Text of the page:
Judge unfairly targeted in Lecretia Seales right-to-die case

Wellington lawyer Lecretia Seales, who died in the early hours of the morning of June 5.
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Wellington lawyer Lecretia Seales, who died in the early hours of the morning of June 5.

OPINION: Justice David Collins drew the short straw when he was assigned to hear Lecretia Seales' case seeking the right to die at a time of her own choosing.

He made the correct decision, ruling that it was for Parliament, not the courts, to change the law relating to assisted suicide.

He explained his decision in a thorough, carefully reasoned 55-page judgment. That he produced this document in a matter of days, hoping to deliver his decision before Seales died (which he did), was no small achievement.

He was under immense pressure, not only in terms of time but because whatever decision he made was bound to provoke an intense reaction. Few judges have presided over a more emotional case.

But Collins has been given precious little credit. Some media portrayed his decision as cold and heartless, when in fact he was at pains to express sympathy for Seales' predicament.

TVNZ's coverage, in particular, was disgracefully loaded.

Of all media, state-owned broadcasters have a particular obligation to be balanced and objective. But TVNZ adopted a partisan and emotive tone, portraying Seales as having been cruelly denied her dying wish.

Her family, colleagues and friends could be excused their extreme disappointment. She was clearly loved and admired, and those closest to her had been through an emotional wringer.

Seales' husband, Matt Vickers, told reporters of his wife's deep hurt at being told of Collins' decision. "Her reaction utterly broke my heart," he said at a crowded press conference.

There was a reproachful note in his statement, as if Collins had failed a dying woman. In fact he had done exactly what judges are supposed to do – interpret the law without fear or favour.

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But it's scarcely surprising that Vickers felt strongly. He had just lost a wife. He was grieving.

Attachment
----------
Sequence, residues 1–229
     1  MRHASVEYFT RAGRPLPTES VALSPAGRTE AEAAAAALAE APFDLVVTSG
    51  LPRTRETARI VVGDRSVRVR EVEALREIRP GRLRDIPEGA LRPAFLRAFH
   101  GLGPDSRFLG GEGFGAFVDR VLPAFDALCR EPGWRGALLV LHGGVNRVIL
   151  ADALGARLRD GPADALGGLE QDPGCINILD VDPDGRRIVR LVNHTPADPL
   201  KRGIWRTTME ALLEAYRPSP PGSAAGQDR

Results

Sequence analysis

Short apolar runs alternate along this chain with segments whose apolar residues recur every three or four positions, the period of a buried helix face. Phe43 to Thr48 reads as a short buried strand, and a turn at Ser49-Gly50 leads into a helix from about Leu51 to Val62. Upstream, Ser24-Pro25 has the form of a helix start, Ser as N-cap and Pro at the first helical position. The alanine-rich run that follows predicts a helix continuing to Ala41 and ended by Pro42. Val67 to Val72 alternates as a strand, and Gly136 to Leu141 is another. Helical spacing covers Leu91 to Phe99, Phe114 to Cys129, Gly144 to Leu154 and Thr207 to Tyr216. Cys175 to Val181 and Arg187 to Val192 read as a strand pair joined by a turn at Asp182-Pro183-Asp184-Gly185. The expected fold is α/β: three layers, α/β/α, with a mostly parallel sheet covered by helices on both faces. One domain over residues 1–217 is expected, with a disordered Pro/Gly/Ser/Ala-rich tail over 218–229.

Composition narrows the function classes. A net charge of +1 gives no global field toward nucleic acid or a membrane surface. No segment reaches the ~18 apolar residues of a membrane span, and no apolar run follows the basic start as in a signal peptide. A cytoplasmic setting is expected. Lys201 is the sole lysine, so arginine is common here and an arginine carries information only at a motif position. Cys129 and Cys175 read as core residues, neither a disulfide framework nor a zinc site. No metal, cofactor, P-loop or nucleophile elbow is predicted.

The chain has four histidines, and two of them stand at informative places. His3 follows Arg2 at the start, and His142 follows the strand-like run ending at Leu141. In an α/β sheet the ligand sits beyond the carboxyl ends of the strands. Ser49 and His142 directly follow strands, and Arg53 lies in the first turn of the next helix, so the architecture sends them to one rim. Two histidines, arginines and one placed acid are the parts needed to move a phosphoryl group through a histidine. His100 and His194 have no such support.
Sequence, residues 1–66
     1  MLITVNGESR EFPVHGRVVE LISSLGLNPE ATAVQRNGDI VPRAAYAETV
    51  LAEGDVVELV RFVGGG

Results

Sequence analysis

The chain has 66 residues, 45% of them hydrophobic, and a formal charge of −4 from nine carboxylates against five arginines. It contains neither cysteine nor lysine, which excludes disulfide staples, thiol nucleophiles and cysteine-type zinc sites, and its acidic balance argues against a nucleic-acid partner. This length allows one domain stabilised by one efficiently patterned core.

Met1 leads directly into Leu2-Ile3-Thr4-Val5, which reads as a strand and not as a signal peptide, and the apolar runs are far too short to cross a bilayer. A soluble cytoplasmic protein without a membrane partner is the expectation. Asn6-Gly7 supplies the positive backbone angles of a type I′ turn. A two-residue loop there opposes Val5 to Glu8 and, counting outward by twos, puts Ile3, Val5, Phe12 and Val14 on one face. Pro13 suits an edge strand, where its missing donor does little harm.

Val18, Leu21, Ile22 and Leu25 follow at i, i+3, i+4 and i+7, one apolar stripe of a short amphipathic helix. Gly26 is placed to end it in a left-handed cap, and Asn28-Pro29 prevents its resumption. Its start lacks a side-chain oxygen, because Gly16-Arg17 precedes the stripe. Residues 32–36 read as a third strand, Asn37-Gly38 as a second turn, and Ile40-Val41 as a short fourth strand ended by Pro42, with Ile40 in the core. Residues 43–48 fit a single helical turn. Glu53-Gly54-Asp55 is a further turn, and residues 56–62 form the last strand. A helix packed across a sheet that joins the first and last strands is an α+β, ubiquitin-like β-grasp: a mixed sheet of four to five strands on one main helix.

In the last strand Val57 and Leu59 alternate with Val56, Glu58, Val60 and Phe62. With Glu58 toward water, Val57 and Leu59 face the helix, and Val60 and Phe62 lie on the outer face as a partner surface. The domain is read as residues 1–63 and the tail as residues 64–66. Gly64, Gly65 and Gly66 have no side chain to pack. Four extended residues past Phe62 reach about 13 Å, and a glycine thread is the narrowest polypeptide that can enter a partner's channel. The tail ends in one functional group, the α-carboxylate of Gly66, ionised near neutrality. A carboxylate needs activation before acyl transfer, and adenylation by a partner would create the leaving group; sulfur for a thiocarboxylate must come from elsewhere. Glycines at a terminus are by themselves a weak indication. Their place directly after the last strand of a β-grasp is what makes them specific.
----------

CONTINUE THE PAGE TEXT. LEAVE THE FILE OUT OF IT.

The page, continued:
Journalists have no such excuses. We expect them to report issues fairly and dispassionately.

We are entitled to expect thoroughness too, especially when an issue has commanded public interest as the Seales case did. But there was remarkably little reportage of Collins' reasoning. It became almost incidental to the main story.

It was far easier, apparently, to go for emotional impact – to wring every ounce of sentiment from the family's reaction, even if the public was left wondering why the judge ruled the way he did.

Suffice it to say that Collins' judgment illustrates the daunting complexity of the issues. The questions Seales asked the court to determine were profound and potentially far-reaching.

On a central issue in the case – namely, whether palliative care allows people to die with dignity and free of pain – experts on each side presented diametrically opposed views. When even professionals can't agree, what's a judge to decide?

But Collins picked his way through the tortuous legal and ethical minefield and came to the only sensible decision: that it's for Parliament, the ultimate court in the land, to determine whether doctors should be permitted to assist in the death of terminally ill patients.

This will have disappointed those who believe courts should take an activist role in making law rather than merely interpreting it. But this case wasn't just about Seales.

It had far broader implications, as Collins would have been keenly aware. He would have been entitled to feel uneasy about creating a precedent that could be applied in cases where terminally ill patients weren't in command of their faculties as Seales obviously was.

Part of his decision deals with the need to protect vulnerable people from being induced to commit suicide.

Advocates of euthanasia and assisted suicide insist there can be safeguards against this happening, saying that doctors would have to be satisfied that the person genuinely wanted to die.

But how much faith can be placed in those assurances? After all, the abortion laws require two certifying consultants to satisfy themselves that a pregnant woman's mental health would be endangered if she gave birth – but history shows that obtaining approval for an abortion is a rubber-stamp process.

Would assisted suicide or euthanasia be any different? If a life in the womb can be extinguished so easily, why should clinicians feel any differently about one that is nearing the end of its course?

Collins prudently and properly decided that such questions are not to be determined by non-elected judges.

His decision may have come as a bitter disappointment to Seales and her supporters, and it certainly seems to have upset TVNZ's editors.  But it was constitutionally correct.

 - The Dominion Post

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